The thing is, as Course students it may be relatively easy to wrap our heads around A Course in Miracles’ creation myth wherein the one child of God forgot to laugh at the tiny mad idea that it could separate from its eternally loving, united source. We can certainly understand how–guilty and terrified by the imaginary crime–it followed the ego’s plan for salvation, projecting that shameful thought into an entire universe of unique forms, repressing the memory of that decision, and assuming bodies with which to compete for its survival.

The problem is I don’t remember any of this. I have completely identified with the body, brain, and personality of SUSAN to the point that it is impossible for me to experience myself otherwise except in the holy instant in which I again judge myself victimized or victimizing, better or worse, greater or lesser than others, feel the pain of that same old hallucination, and ask to see things differently.  The “I” I still think I am can’t pull this off alone. While the decision maker—the part of the split mind that appeared to choose for the ego at the very beginning–can indeed learn to watch the ego, unless it chooses to watch accompanied by the quiet, loving, knowing, smiling right mind/Holy (Whole) Spirit/Jesus, whatever you want to call it, it will not experience the release and relief forgiveness brings.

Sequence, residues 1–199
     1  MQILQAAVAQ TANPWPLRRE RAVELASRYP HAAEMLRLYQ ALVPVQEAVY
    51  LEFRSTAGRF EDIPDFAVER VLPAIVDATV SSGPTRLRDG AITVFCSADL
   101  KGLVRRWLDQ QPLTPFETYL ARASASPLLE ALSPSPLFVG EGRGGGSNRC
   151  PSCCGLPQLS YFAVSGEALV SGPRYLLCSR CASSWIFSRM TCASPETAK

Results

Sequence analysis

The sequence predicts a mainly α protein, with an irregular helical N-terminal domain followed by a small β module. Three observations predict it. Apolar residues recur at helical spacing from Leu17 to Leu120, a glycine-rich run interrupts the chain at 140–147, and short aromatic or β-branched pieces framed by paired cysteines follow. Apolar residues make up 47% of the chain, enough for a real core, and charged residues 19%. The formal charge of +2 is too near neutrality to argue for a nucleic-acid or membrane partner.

When the Course tells us in Chapter 18 that “I Need Do Nothing” it means that the “I” I think I am does not forgive. My only job is to recognize in my persecuting and persecuted feelings that I have again mistaken what I really am. That’s my cue to join with the part of my mind that knows what I am. The part of our one mind that did not take the tiny mad idea of separation and specialness seriously from the very beginning merely waits for us to join with it. It will not swoop down and save us from ourselves because it knows with every fiber of its being that nothing real could ever have been threatened because nothing unreal exists, as the Course’s preface so poetically reminds us. It knows the peace of God remains intact. And so we must choose for it, over, and over, and over again, gradually experiencing ourselves as the empowered decision maker, until the catnip of unconscious guilt that lures us back to the ego has completely dried up and we find that there never was a split mind to begin with, only uninterrupted, endlessly creative, completed and completely supported, relentless Love.